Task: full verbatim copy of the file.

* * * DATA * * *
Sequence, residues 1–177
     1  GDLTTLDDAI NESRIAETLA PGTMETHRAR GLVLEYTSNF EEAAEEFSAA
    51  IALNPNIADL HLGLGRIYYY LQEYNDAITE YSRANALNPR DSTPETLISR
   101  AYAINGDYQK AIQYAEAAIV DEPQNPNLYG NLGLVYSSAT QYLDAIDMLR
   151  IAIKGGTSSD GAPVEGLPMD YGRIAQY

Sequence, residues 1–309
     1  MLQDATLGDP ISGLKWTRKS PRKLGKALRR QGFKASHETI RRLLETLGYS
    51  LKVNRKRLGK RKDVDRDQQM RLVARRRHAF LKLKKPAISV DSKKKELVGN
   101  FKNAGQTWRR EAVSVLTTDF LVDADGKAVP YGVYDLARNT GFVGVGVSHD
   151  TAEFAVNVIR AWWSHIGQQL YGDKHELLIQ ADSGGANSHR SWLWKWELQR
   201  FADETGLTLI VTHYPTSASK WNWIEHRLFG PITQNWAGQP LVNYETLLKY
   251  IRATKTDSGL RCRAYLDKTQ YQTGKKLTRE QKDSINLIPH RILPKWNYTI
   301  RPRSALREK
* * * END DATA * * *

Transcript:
Sequence, residues 1–177
     1  GDLTTLDDAI NESRIAETLA PGTMETHRAR GLVLEYTSNF EEAAEEFSAA
    51  IALNPNIADL HLGLGRIYYY LQEYNDAITE YSRANALNPR DSTPETLISR
   101  AYAINGDYQK AIQYAEAAIV DEPQNPNLYG NLGLVYSSAT QYLDAIDMLR
   151  IAIKGGTSSD GAPVEGLPMD YGRIAQY

Sequence, residues 1–309
     1  MLQDATLGDP ISGLKWTRKS PRKLGKALRR QGFKASHETI RRLLETLGYS
    51  LKVNRKRLGK RKDVDRDQQM RLVARRRHAF LKLKKPAISV DSKKKELVGN
   101  FKNAGQTWRR EAVSVLTTDF LVDADGKAVP YGVYDLARNT GFVGVGVSHD
   151  TAEFAVNVIR AWWSHIGQQL YGDKHELLIQ ADSGGANSHR SWLWKWELQR
   201  FADETGLTLI VTHYPTSASK WNWIEHRLFG PITQNWAGQP LVNYETLLKY
   251  IRATKTDSGL RCRAYLDKTQ YQTGKKLTRE QKDSINLIPH RILPKWNYTI
   301  RPRSALREK